The University of Connecticut men’s basketball team gave fans everything they could possibly wish for—a run of five wins in five days to take the Big East tournament and then a sweep through the NCAA tournament for another national championship. The string of wins included unbelievably exciting finishes (except for the final game against Butler—a team that for some reason, couldn’t throw the ball in the ocean while standing on a pier last Monday night).
Similarly, Coach Jim Calhoun has accomplished everything he could have wished for as a basketball coach. He’s in the Basketball Hall of Fame. He’s won three national championships and he ranks among the best college basketball coaches of all time, in every respect. He’s now making noise about returning. But the fact is, now is time to go. Retire. Say farewell. Get out while the getting is good.
If Calhoun decides to stay, fans will quickly notice that he won’t be pacing the sidelines for the first three Big East games next year. He’s getting an involuntary mini-vacation courtesy of the NCAA for, as the New York Times reported, failure to monitor and promote an atmosphere for compliance… [The NCAA] stated that he got away with it because the university “failed to monitor the conduct and administration of the men’s basketball program.”
UConn also must forfeit three men’s scholarship—one each through the 2012-13 season—and serve a three-year probation with restrictions on calls and contact with recruits. And worst of all, two assistant coaches “resigned”—sacrificial lambs and patsies whose careers are now ruined in order to take heat off the Big Honcho, Calhoun. Then, in a final insult to fans and taxpayers, the school bestowed upon the coach a new, $13-million contract. Where’s the outrage? Oh, I forgot. It’s all about “the Ws.”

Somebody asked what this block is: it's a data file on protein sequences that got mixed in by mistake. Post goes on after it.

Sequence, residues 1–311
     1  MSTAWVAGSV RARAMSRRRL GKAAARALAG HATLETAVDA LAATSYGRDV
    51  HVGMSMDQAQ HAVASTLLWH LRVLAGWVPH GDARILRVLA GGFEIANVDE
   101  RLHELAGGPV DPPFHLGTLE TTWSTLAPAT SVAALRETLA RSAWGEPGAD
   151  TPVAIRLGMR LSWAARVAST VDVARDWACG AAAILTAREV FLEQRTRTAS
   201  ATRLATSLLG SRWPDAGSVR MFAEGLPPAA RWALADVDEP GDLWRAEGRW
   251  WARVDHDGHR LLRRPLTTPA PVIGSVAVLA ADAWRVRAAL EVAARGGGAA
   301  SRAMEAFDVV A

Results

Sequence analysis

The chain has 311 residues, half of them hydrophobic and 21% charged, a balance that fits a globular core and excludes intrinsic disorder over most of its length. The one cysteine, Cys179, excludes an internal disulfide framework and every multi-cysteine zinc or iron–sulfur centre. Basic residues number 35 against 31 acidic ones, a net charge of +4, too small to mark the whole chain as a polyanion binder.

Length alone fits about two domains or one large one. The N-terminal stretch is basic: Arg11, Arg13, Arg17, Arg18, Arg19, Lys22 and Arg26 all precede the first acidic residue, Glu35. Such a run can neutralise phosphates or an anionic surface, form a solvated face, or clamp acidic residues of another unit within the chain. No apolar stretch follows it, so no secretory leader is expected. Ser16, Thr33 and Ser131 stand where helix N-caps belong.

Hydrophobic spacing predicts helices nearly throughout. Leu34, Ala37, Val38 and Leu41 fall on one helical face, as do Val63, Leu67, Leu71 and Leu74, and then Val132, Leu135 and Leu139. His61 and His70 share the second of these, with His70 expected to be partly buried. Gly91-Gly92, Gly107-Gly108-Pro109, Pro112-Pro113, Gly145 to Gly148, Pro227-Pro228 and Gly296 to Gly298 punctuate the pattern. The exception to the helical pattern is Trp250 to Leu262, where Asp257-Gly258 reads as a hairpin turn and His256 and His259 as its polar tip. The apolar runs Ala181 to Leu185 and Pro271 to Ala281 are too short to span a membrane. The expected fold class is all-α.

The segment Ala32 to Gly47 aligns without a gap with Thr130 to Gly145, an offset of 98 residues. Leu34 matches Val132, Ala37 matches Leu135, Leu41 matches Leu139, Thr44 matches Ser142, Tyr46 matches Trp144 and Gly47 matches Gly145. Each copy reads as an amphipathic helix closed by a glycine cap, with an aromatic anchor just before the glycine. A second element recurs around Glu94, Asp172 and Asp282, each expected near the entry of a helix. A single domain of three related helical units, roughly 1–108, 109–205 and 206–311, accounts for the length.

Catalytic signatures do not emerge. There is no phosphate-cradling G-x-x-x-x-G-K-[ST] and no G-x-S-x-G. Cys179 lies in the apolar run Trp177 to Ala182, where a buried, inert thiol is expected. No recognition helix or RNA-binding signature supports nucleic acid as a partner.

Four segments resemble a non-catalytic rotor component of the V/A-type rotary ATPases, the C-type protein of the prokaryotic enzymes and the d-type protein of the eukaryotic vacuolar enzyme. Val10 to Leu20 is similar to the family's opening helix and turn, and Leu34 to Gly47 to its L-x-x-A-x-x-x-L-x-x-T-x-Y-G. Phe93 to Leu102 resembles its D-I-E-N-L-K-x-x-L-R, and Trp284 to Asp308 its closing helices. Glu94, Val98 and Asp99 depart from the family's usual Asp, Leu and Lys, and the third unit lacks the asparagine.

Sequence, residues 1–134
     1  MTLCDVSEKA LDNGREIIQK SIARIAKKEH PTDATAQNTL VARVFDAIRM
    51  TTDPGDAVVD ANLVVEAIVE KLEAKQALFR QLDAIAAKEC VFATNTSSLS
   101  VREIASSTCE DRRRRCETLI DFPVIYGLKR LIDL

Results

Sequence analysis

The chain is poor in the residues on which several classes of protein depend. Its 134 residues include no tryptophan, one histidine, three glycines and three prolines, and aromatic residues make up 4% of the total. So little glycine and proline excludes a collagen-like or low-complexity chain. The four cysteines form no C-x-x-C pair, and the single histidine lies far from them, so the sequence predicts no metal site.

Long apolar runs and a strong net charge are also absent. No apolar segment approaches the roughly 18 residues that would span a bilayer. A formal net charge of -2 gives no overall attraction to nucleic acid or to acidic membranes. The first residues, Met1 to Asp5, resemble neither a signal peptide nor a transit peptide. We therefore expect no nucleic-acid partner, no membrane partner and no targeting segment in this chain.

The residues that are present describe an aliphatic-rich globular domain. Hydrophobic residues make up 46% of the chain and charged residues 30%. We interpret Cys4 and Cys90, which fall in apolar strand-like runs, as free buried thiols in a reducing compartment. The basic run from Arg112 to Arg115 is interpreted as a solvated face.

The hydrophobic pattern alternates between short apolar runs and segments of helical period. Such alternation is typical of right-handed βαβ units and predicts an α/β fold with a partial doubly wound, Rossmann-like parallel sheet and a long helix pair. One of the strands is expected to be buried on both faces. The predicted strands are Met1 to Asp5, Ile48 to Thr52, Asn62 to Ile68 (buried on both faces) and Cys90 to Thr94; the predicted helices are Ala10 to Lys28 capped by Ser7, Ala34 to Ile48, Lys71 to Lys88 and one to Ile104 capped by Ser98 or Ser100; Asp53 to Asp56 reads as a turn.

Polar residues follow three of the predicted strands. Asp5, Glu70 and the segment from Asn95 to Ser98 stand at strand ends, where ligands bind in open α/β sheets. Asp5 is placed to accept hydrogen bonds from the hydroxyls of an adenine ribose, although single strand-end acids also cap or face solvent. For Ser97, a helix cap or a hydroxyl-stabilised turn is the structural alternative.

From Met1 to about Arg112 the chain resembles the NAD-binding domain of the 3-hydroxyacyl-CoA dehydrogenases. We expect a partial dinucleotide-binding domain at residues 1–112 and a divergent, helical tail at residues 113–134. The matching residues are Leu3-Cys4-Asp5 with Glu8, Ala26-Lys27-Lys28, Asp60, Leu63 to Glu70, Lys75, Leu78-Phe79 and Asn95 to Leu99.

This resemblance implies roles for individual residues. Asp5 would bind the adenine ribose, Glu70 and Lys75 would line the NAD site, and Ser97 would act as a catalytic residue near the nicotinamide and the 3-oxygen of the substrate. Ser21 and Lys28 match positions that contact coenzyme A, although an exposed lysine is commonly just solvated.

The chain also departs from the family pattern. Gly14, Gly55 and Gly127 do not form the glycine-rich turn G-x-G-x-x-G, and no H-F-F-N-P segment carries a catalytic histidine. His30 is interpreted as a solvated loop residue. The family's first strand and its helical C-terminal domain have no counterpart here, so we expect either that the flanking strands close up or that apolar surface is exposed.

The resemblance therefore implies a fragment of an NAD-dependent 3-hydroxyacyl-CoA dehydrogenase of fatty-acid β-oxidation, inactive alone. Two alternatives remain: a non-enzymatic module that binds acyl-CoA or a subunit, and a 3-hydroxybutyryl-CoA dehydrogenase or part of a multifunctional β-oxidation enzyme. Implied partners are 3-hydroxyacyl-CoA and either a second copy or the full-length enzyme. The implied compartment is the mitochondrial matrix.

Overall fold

The recruit at the center of the scandal, Nate Miles, is a sad case indeed. According to news reports that came as the Huskies were preparing for the Final Four, Miles is either now willing to talk to the NCAA, or he’s not. No one is sure. He now claims Calhoun knew full well of everything that went on with his interaction with the program.
Miles is what prosecutors call “an unreliable witness.” To extend the metaphor, Miles would never be put on the stand. He’s changed his story, initially refused to talk to the NCAA, and reportedly demanded to be paid for media interviews. Anything Miles says should be taken with not a grain, but a pillar, of salt. So Calhoun probably gets a pass there.
While the sycophants in the Connecticut sports media gave short shrift to the sanctions against Calhoun’s program since they were imposed, it’s not a stretch to say UConn emerged from the “cheaters side” of the semi-finals. Kentucky’s John Calipari has a special knack for going from one school to another, only a step ahead of the NCAA and leaving his former school to clean up his mess.
To make things worse, a recent report showed that Calhoun’s program graduated a pathetic 31 percent of its ballplayers, among the worst of all the schools in the tournament. And that doesn’t count those who left school early to enter the NBA. New UConn President Susan Herbst took one for Calhoun in this case, saying the dismal performance by Calhoun’s players in the classroom is her problem now. That’s noble. But Herbst has barely unpacked her bags. Calhoun owns this one. The report speaks volumes about Calhoun’s priorities and he certainly should be held accountable.
The accusations and straight facts that work against Calhoun and his program are serious. He should take the opportunity during this post-national championship euphoria to say goodbye.